The reinvention of Hotmail2 min read . Updated: 10 Aug 2012, 08:09 PM IST
The reinvention of Hotmail
The reinvention of Hotmail
It’s the age of Gmail, and Hotmail hasn’t been cool for years now. Microsoft seems to have taken note, and has created a new official email service, Outlook.com. Like most new things from Microsoft these days, the Web mail provider takes its design cues from Metro, the style behind both Windows Phone 7 and Windows 8, which will launch in October.
If you already have a Hotmail, Windows or Xbox Live account, you can use the same username and password to log into Outlook.com, or you can sign up for a new one.
Outlook also syncs with Facebook, Twitter, LinkedIn, Gmail—and soon, Skype—so existing accounts will not be affected if you make a switch. You can import contacts from these services and get updates on those accounts from within Outlook.
Integrating the service with Office Web apps means that Word, Excel and PowerPoint files get opened in Web versions of those programs, which are free to use, and you can also save your files on SkyDrive, which allots 7 GB cloud storage free to new users (and a free 25 GB upgrade for existing users), and work on them anywhere.
All this means little if your mail takes a long time to load, or is hard to navigate. That has been one of our biggest issues with Hotmail and Yahoo Mail, and one of the reasons why Gmail is today the most used service. Not only does Outlook.com load fast, it handles media a lot more cleverly than Gmail. If you get a bunch of photos in your Gmail account, you can either look at the thumbnails, or load individual pictures in separate new tabs. With Outlook, the photos pop up in a slide show the way they do in Facebook, and the videos are also shown in an overlay on the same screen, so getting from the mail to the attachment and back doesn’t waste time.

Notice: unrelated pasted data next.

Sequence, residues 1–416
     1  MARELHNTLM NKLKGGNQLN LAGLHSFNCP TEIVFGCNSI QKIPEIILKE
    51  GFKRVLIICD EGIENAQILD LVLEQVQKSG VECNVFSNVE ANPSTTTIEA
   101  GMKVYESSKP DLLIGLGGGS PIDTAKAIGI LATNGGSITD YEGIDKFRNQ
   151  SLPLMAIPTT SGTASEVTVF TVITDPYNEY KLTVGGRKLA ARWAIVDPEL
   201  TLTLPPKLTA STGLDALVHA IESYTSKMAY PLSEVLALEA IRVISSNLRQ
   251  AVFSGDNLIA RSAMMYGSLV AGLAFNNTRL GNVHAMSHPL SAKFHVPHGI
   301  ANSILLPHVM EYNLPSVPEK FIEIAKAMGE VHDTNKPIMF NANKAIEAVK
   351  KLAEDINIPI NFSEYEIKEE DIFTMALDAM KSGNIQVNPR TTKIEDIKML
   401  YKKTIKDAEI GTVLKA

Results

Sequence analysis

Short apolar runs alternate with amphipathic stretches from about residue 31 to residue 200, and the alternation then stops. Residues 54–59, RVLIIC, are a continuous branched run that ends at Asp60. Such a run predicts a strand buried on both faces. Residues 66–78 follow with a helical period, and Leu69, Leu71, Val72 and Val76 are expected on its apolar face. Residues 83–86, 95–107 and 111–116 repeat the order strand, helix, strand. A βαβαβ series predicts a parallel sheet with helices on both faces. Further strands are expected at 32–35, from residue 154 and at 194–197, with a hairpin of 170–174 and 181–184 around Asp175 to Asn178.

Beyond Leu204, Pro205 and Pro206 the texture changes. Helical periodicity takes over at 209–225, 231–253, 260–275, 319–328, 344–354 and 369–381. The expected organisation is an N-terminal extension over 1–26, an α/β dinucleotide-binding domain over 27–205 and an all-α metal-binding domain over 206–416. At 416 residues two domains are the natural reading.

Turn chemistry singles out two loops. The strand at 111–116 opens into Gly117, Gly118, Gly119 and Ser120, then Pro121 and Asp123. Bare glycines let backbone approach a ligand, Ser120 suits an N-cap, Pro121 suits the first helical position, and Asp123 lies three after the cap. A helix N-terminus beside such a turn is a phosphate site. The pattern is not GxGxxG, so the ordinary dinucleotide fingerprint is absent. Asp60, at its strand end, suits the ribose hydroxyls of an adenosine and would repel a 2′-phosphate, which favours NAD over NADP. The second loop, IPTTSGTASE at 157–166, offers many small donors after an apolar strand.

Our favourite feature is that SkyDrive is integrated with the attachments. You don’t need to mail a link from SkyDrive, it automatically sends a preview link to the file saved on the cloud instead. Another great feature is smarter folders—we all get hundreds of emails from social networks and newsletters, and we do need some of these at least. But if they’re not sorted in folders, they threaten to overwhelm the mails we actually need to read. Outlook filters them the way it filters spam, out of the inbox, storing them in marked folders for easy access.
Of course, both these things are possible with Gmail too. You can set up Dropbox and Gmail to handle attachments, and setting up filters for newsletters and social networks takes less than a minute. But the point is that you have to make the effort to do that. With Outlook, it just works, and when Windows 8 and Microsoft tablets launch in October, lots of people are going to have to create Windows accounts, which is going to help drive up Outlook.com usage—particularly since the new interface looks remarkably tablet-friendly.
Whether Outlook eventually unseats Gmail from its top spot is hard to tell, but it’s good to finally see real competition.
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